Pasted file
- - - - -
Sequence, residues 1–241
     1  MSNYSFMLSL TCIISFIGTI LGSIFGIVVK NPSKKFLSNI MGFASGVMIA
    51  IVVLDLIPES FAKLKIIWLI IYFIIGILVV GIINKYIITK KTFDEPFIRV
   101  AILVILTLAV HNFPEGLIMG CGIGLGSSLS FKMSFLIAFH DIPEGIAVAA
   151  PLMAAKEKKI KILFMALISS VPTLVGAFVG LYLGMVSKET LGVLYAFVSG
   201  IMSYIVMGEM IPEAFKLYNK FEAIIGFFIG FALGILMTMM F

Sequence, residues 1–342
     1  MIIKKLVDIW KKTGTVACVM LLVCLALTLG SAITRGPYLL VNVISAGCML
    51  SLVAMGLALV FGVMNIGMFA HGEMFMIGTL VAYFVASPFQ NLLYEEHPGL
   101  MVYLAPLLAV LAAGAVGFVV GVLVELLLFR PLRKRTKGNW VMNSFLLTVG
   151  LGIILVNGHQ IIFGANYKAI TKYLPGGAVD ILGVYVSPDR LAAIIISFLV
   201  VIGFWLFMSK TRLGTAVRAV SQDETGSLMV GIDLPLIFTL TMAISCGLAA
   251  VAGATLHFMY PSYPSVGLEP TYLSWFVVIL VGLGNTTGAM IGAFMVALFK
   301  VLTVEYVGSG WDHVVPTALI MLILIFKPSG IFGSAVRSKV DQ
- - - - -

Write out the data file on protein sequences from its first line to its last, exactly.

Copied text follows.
Sequence, residues 1–241
     1  MSNYSFMLSL TCIISFIGTI LGSIFGIVVK NPSKKFLSNI MGFASGVMIA
    51  IVVLDLIPES FAKLKIIWLI IYFIIGILVV GIINKYIITK KTFDEPFIRV
   101  AILVILTLAV HNFPEGLIMG CGIGLGSSLS FKMSFLIAFH DIPEGIAVAA
   151  PLMAAKEKKI KILFMALISS VPTLVGAFVG LYLGMVSKET LGVLYAFVSG
   201  IMSYIVMGEM IPEAFKLYNK FEAIIGFFIG FALGILMTMM F

Sequence, residues 1–342
     1  MIIKKLVDIW KKTGTVACVM LLVCLALTLG SAITRGPYLL VNVISAGCML
    51  SLVAMGLALV FGVMNIGMFA HGEMFMIGTL VAYFVASPFQ NLLYEEHPGL
   101  MVYLAPLLAV LAAGAVGFVV GVLVELLLFR PLRKRTKGNW VMNSFLLTVG
   151  LGIILVNGHQ IIFGANYKAI TKYLPGGAVD ILGVYVSPDR LAAIIISFLV
   201  VIGFWLFMSK TRLGTAVRAV SQDETGSLMV GIDLPLIFTL TMAISCGLAA
   251  VAGATLHFMY PSYPSVGLEP TYLSWFVVIL VGLGNTTGAM IGAFMVALFK
   301  VLTVEYVGSG WDHVVPTALI MLILIFKPSG IFGSAVRSKV DQ